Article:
With the return of overly formal and distant/avoidant social relations, people feel less comfortable addressing strangers in friendly ways.
You still hear "dude" and "man" among youngish males, but even there it's not as common as it used to be. "Dude" is now more of an interjection, like "Wow!" Hence, "Dude! You'll never believe what I just saw..." It expresses the speaker's feelings rather than address another person in an informal way, a la "What's up dude?" "Not much, dude. How 'bout you dude?" (No one claimed that informality would make you sound smarter.) It seems like "man" is the only one left, like a fast food worker who gives you your order with a "Here you go, man." "Cool. Thanks, man."
The change that really rubs me the wrong way, however, is the ubiquity of "Sir" -- like, I'm not royalty, I'm not a potential employer who you're petitioning, and I'm not one of your superiors whose butt you have to kiss. It's not only retail workers who are required to say this -- it's panhandlers (who have no boss giving them orders) and everyday people on the train or other public spaces. In the retail setting, their bosses aren't just giving them pointless orders to address customers more formally -- it's likely because today's customers expect that level of formality from the workers.
I wish it were just a sign that I'm considered an old geezer by the young 'uns, but they all think I'm in my early or mid 20s, and besides, they address one another that way too. Generally girls call guys their own age "Sir" in the right context, while guys tend to reserve "Sir" for older men.
I'd be fine with no address at all in the retail setting, which is where you hear it most often. "Is there anything I can help you find?" -- I don't need to hear "Sir?" at the end. "Sir" makes it feel more like a patron-client relationship, rather than them being there to help out another person like themselves. Again, I don't blame the workers so much, although I'm sure that as members of today's world, they too prefer that kind of detachment rather than talking to strangers in a friendly way. It's due more to distant customers these days wanting more, well, distance between themselves and the workers.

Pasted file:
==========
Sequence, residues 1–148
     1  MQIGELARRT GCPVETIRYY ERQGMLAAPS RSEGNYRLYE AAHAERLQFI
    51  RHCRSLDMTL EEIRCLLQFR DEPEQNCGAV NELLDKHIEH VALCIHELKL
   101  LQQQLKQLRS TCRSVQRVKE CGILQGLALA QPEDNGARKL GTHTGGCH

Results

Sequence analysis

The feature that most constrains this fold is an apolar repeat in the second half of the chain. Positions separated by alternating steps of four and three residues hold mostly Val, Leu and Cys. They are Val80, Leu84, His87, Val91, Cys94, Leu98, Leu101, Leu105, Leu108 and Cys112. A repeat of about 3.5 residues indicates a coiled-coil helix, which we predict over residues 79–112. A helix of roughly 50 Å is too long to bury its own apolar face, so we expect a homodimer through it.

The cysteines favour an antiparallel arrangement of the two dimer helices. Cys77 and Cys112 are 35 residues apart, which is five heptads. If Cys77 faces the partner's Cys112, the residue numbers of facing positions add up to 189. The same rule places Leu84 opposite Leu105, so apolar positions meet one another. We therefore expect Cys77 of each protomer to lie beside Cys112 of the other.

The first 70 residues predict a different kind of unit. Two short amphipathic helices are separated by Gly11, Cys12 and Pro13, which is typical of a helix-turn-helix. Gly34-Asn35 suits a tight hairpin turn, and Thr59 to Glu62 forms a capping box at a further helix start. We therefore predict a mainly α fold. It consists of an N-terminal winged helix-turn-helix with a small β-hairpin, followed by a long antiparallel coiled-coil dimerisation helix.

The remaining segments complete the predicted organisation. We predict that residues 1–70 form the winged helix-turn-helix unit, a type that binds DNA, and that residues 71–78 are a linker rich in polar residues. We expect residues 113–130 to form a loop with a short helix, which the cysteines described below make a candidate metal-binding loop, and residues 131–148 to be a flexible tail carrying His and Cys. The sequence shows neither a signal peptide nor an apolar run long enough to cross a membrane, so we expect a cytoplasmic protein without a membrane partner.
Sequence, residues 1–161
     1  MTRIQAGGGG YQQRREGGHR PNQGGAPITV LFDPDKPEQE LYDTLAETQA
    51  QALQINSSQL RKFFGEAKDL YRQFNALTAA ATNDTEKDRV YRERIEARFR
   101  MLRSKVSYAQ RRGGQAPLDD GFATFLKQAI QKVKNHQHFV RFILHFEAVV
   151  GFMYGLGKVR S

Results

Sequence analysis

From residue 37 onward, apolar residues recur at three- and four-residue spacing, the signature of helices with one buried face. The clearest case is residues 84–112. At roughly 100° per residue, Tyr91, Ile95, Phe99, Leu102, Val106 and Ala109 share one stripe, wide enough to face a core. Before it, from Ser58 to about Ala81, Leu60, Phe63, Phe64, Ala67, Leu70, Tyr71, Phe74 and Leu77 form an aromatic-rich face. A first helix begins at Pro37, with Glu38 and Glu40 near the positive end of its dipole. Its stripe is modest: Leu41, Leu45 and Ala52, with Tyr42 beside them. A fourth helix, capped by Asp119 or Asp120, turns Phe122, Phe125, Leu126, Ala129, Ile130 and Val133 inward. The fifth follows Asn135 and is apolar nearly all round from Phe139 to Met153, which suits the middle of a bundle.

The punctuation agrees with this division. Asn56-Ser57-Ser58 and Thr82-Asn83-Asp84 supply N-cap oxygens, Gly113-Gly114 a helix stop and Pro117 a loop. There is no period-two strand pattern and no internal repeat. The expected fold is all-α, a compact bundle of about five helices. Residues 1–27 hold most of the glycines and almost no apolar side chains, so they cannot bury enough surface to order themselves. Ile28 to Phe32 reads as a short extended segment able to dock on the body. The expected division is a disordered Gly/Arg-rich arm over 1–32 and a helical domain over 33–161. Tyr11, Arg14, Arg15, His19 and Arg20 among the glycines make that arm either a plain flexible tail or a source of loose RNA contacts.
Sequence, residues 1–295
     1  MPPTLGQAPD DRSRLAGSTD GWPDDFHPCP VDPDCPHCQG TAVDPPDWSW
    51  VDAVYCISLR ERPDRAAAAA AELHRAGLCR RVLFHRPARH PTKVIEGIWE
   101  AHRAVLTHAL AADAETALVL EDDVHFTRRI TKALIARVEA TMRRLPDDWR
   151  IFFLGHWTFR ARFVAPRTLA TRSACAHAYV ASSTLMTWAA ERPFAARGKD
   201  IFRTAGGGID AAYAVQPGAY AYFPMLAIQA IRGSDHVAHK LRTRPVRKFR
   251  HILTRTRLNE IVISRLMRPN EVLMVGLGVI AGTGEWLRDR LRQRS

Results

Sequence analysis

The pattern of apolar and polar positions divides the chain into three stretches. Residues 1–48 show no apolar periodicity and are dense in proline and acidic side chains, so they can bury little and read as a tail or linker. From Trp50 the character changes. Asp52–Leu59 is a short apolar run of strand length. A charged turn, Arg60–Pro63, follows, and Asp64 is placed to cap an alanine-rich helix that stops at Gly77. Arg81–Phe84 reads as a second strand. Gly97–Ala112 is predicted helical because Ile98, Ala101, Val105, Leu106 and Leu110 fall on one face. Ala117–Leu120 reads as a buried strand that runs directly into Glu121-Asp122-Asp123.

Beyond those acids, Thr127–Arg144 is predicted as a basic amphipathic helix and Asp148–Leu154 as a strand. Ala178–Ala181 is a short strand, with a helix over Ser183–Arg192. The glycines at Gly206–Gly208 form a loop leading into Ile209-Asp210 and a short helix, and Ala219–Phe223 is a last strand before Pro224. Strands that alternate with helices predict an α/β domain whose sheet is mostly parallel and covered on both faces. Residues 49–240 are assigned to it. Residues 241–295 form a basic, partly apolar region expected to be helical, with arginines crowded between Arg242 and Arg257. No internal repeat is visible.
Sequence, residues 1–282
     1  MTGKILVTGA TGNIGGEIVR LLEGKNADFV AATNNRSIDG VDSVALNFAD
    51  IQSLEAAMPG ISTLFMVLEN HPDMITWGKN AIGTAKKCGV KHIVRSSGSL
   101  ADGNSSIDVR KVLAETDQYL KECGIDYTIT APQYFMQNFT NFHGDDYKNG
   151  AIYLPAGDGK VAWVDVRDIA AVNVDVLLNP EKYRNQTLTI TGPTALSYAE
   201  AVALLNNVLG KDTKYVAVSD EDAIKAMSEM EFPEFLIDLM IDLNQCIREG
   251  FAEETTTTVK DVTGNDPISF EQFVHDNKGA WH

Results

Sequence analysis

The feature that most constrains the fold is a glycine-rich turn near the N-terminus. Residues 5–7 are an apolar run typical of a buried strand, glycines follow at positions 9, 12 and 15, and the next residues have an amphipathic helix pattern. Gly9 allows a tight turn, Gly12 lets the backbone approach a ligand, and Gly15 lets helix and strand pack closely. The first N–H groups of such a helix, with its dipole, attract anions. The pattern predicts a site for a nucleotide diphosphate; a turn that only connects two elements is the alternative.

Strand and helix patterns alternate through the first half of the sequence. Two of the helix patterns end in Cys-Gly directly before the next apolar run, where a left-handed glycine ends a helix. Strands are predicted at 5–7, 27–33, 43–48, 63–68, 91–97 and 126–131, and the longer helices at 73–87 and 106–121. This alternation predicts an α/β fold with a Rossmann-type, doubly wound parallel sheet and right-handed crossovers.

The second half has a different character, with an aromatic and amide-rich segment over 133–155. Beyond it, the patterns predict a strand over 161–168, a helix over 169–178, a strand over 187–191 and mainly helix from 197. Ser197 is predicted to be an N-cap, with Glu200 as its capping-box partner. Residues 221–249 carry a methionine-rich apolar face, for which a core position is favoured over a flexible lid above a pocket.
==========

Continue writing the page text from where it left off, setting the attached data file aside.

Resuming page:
If they're going to use some kind of address, what ever happened to "Mister"? That sounded more informal because people used it not only in a polite context -- "Need any help carrying those bags, Mister?" -- but also in a talking-down or putting-in-their-place context -- "And just where do you think you're going, Mister?" It was a leveling form of address, not used only toward superiors. Even when it was used toward elders or superiors, it just sounds more like someone you know from the neighborhood, like "Mr. Callahan from next door." It made young people sound less groveling and pathetic when they addressed their elders, and didn't make the elders feel like distant old fogies who needed to be carefully addressed in order to protect their ego.
Plus, "Mister" allowed all manner of ironic usages among folks who already knew each other. One friend tries to back out of a commitment to another one, and he replies jokingly but seriously with, "Woah, guess again, Mister. C'mon, there'll be girls there -- it'll be cool." It's like a friendly little poke in the ribs.
Or a girlfriend might refer to her boyfriend playfully as though he were a stranger. Remember at the end of Back to the Future, when Marty McFly is trying to appreciate what a sweet ride his new black truck is? His girlfriend Jennifer walks up behind him, pauses, and teasingly asks, "...How 'bout a ride, Mister?" It's such a warm way to flirt because "Mister" calls subtle attention to the fact that the two of you are in fact already close to each other.
And of course, sometimes the usage was intentionally underscoring the fact that the two were total strangers -- as in, "strangers in the night," or "relying on the kindness of strangers." Like some babe asking for a ride home: "You goin' my way, Mister?" Or when she recognizes that you're new to the nightclub or bar: "Say Mister, don't believe I've seen you around here before..." It's acknowledging the lack of a former acquaintance, while treating it as no big deal, nothing that we ought to let stand in the way of hitch-hiking, dancing, or what have you.
It really was a versatile form of address, and it'll be a sign of changing times once we start to hear it (or something like it) in common speech again. Until then, for God's sake, don't call me "Sir." It takes you right out of the moment.